Skip to content
It's A Tall Order For Sun
At 7 feet 2, Margo Dydek came into the WNBA eight years ago as the No. 1 overall draft pick of the Utah Starzz.
But Dydek never quite lived up to the expectations for the tallest player in the league. Debbie Black, her teammate from the 1999 Starzz, said Dydek was never really happy.
That may have changed during Saturday's WNBA draft. The Connecticut Sun traded their first-round pick (eighth overall), Katie Feenstra, a 6-8 center from Liberty, and next year's top pick to the San Antonio Silver Stars for Dydek, who is hoping for a fresh start.
``I'm really excited,'' said Dydek, who is currently playing in Poland. ``It's a new chance for me, a new team. We're going to have a good team. I want to bring them even further.''
University of Minnesota center Janel McCarville was chosen as the No. 1 pick by the Charlotte Sting.
Sun coach Mike Thibault believes that Dydek, an intimidating defensive presence in the post, is the missing piece of the puzzle for his team, which lost to the Seattle Storm in the WNBA Finals last season.
``It was a tough call between a good young player and a very good veteran,'' Thibault said. ``The way it is, being close to a championship last year, we tried to picture that playoff series with Margo on the court with Taj [McWilliams-Franklin] and we kind of think that maybe the series would have had a little different outcome. I just think it puts us a closer to a chance to win a championship.''
The Sun also picked 19-year-old Australian Erin Phillips, a 5-7 guard, in the second round with the 21st pick. Megan Mahoney, a 6-foot guard/forward from Kansas State, was taken with the 29th pick in the third round. Mahoney ruptured her left Achilles' tendon in the Big 12 championship game against Baylor and will not play this season.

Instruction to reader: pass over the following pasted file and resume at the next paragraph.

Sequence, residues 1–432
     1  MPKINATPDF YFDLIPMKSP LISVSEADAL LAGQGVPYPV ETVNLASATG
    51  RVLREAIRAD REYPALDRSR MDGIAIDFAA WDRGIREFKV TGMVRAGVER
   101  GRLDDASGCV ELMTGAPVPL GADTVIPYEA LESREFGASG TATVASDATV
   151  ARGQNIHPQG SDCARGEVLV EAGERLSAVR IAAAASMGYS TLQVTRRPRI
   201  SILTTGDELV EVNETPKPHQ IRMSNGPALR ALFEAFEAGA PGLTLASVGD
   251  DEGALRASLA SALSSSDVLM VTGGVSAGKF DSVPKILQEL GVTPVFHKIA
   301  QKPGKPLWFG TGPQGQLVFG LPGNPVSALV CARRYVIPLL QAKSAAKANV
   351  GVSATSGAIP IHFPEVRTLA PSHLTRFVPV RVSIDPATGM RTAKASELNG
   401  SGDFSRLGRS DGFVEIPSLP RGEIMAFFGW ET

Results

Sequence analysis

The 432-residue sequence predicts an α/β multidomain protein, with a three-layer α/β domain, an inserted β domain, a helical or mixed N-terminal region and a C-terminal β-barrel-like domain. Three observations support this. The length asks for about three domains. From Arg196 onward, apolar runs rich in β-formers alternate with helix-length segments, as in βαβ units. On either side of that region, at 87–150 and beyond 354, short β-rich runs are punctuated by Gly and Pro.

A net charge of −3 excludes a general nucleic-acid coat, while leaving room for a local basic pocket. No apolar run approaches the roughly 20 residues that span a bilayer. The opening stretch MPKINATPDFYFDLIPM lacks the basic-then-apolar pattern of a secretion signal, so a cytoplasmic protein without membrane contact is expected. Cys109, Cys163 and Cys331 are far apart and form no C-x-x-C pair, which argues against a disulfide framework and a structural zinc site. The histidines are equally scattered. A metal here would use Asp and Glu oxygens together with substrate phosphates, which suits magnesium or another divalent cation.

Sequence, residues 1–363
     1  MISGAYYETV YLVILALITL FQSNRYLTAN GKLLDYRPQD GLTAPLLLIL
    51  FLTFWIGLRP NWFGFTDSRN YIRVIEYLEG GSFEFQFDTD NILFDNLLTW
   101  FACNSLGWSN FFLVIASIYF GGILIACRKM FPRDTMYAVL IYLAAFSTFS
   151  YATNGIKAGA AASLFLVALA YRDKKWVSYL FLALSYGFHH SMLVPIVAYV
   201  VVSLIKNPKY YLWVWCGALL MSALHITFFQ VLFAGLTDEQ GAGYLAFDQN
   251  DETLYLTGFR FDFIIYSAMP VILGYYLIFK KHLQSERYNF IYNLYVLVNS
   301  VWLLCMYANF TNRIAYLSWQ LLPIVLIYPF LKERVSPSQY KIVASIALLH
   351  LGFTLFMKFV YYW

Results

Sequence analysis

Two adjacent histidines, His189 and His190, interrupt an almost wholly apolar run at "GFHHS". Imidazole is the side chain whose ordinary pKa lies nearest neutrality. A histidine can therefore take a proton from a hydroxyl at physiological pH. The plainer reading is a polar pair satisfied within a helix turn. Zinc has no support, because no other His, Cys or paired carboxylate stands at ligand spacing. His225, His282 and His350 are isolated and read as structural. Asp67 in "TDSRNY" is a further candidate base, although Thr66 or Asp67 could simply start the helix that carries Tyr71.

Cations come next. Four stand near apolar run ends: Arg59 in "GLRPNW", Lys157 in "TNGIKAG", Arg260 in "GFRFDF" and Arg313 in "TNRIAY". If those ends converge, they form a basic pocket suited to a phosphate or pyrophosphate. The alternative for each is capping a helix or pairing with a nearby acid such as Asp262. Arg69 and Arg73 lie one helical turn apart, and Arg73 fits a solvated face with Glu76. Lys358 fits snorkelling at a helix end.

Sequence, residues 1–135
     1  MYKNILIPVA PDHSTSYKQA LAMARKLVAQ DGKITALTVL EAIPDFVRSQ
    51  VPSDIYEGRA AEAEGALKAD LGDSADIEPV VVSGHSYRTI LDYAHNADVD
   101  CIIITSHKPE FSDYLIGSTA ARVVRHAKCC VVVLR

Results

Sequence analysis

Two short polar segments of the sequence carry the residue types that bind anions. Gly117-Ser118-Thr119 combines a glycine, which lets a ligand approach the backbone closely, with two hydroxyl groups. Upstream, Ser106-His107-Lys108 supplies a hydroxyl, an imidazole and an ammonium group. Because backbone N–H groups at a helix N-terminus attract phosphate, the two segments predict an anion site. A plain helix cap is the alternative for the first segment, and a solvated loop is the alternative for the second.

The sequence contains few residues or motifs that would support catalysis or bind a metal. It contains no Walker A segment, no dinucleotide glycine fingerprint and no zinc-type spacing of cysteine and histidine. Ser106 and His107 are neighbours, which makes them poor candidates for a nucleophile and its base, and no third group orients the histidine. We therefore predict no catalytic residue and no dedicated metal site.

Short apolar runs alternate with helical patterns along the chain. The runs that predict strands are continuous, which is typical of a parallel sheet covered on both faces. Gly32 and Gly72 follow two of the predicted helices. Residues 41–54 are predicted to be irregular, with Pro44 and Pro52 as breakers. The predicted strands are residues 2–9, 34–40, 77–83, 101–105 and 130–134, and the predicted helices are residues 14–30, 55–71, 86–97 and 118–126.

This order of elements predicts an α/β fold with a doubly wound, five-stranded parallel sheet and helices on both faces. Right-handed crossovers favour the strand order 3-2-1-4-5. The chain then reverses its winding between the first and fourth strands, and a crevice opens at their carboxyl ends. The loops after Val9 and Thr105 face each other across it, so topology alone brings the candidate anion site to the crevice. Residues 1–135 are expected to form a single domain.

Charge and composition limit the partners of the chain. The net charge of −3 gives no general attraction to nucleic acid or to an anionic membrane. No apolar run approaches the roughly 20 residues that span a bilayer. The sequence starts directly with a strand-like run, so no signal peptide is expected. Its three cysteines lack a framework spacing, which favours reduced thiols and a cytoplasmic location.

Thibault made those picks with an eye on the future. The Dydek trade was all about the present.
At 6-2, McWilliams-Franklin was often mismatched with bigger post players and expressed a desire to move back to her natural position at power forward. No other Sun post player was bigger than 6-2.
And a younger post player such as Feenstra would have taken time to develop.
``You have windows of opportunity to win championships,'' Thibault said. ``Not that we're an older team. But Taj, Nykesha [Sales], Katie [Douglas] have been in the league a little while.
``Feenstra would have contributed, but Margo changes the game. There is nobody like her. Teams have to adjust to us right now. And that's a nice thing to put in another team's head.''
Dydek, who turns 31 on April 28, has led the WNBA in blocked shots every season except 2004. She is the all-time league leader with 655.
Last season, the Silver Stars went 9-25. Dydek averaged 6.6 points and 4.9 rebounds, down from her career totals of 11 points and 6.8 rebounds.
``Yes, last year it was a strange season for me,'' said Dydek, who has been known to dunk in warmups. ``I was hoping to get some more chances and play with a good team and enjoy the game.''
Black, who retired last week, told Dydek she would have fun in Connecticut.
``I truly don't think Margo has been 100 percent happy playing basketball -- that's Debbie Black talking, not Margo -- here in the U.S.,'' Black said Saturday. ``People expect because she's 7-2, she should be doing this or that. When you're 7-2, nothing you do is good enough. After a while, you just turn it off.''
All Dydek needs to do for the Sun is play defense, Thibault said. If she has a good offensive game, that's fine, too.
``She wants to win a championship and fill a role on a team,'' he said. ``She makes us better defensively. We'll fit her in offensively. I surveyed a lot of veterans before we did this. She's a great teammate.
``When she gets a rebound, you don't take it away from her. She's a great outlet passer. I don't think teams will be as comfortable coming in the lane against us as maybe they have in the past. We've been one of the shortest teams in the league in the past. What we've done today is change the dynamics of the team.''